"A patient, calibrated, fully-researched study of the mendacious, hypocritical way the United States treats its Caribbean colony, castrating its leadership, bombarding its villages, experimenting biologically with its population. Puerto Rico is, in a word, el calabozo. Denis knows the truth first-hand and refuses to sugarcoat it." --Ilan Stavans, author of Spanglish: The Making of a New American Language
"Sometime in the not-too distant future, we will resolve the relationship between the United States and Puerto Rico. To understand where we are going, we must know our past--both good and bad. War Against All Puerto Ricans fills an important gap in that historical understanding. It is a book that every student of the US-Puerto Rico relationship should read." --Congressman José Serrano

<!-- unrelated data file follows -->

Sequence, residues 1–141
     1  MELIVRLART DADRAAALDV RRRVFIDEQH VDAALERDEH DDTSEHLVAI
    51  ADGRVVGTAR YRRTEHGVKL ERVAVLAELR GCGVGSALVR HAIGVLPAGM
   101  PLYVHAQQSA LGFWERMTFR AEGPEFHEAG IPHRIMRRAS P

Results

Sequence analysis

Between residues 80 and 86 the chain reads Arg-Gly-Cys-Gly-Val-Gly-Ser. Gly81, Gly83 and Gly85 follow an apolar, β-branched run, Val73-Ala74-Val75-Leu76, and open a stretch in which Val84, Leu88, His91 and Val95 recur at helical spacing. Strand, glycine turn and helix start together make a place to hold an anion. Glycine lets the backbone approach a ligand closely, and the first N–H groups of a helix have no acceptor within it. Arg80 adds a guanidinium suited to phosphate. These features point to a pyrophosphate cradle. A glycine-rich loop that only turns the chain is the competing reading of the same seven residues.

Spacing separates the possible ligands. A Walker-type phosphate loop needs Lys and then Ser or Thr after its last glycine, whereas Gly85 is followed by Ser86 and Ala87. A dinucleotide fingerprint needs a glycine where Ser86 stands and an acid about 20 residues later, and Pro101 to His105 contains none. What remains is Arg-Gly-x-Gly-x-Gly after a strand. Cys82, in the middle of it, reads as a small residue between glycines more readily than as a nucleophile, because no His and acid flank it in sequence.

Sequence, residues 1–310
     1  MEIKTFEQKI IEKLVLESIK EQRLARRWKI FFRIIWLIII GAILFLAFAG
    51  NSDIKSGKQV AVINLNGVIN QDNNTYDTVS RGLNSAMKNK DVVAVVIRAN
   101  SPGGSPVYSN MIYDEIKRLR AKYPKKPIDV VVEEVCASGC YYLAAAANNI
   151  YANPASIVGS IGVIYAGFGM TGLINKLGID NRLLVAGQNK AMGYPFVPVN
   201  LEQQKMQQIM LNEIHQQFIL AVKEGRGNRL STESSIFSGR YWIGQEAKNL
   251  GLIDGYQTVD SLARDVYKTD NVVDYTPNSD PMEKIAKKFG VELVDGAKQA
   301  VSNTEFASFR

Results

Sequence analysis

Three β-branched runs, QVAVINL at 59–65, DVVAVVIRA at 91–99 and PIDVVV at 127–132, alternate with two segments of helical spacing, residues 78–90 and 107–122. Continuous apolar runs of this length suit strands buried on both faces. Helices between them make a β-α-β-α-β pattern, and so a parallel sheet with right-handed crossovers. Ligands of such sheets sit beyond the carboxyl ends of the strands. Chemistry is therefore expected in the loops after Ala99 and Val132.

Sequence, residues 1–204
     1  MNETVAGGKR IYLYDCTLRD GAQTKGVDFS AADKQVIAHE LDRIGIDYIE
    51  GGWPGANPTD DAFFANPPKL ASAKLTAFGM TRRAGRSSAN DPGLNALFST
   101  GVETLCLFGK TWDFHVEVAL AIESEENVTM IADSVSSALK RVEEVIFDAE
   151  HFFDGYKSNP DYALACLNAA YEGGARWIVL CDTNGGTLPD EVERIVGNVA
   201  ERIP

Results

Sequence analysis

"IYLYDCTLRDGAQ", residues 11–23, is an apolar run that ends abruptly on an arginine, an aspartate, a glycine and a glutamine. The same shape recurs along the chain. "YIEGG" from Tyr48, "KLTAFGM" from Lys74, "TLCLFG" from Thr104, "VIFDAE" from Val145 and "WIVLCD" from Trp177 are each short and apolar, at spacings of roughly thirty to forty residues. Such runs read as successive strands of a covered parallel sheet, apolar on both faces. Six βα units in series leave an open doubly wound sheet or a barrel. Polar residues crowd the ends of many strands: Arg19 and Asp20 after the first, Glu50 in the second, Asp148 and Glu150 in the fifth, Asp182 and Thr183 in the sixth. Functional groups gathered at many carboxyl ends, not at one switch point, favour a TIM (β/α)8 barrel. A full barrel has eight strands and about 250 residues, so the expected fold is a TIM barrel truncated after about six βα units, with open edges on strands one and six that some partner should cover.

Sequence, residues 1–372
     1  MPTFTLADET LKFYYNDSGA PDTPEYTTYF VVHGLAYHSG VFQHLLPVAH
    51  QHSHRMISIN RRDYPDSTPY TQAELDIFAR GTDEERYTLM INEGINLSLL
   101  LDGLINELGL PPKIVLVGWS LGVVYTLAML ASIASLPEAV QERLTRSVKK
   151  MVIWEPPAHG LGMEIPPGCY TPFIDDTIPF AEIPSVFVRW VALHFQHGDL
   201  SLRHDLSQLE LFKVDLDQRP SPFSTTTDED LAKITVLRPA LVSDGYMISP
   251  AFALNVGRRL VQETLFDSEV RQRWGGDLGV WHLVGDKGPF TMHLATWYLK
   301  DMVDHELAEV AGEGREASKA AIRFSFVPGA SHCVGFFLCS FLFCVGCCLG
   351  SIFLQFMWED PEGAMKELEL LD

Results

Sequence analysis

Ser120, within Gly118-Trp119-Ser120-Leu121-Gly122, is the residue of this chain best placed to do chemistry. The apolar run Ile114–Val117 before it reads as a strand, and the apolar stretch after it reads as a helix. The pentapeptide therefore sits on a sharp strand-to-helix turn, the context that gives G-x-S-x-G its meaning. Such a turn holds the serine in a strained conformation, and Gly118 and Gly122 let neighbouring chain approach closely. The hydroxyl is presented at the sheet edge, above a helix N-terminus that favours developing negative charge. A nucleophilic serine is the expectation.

"Nelson Denis's fascinating new book is a timely reminder of that other island in the Caribbean that the United States took possession of in 1898: Puerto Rico. War Against All Puerto Ricans is a remarkable history of a forgotten national liberation movement and Washington's brutal pacification campaign." --Greg Grandin, professor of history at New York University and author of The Empire of Necessity
"Prepare to be outraged. Nelson Denis lifts a huge and heavy rock from under which crawls one of the more unfathomable and generally unknown dirty secrets about the US government--that it unleashed its military might against its own citizens in a misguided effort to quell a perceived revolt by Puerto Ricans. Meticulously researched...an eye-opening must-read." --Robert Dominguez, New York Daily News
From the Author
It was the only time in history that the U.S. intentionally bombed its own citizens. They also arrested 3,000 Puerto Ricans, tortured hundreds of them, and maintained secret FBI files on over 100,000 more.
Why did the U.S. do this? Why have we never heard of it? Who was responsible?
With photos, eyewitness accounts, personal interviews, congressional testimony, and recently de-classified FBI files, War Against All Puerto Ricans explains it all.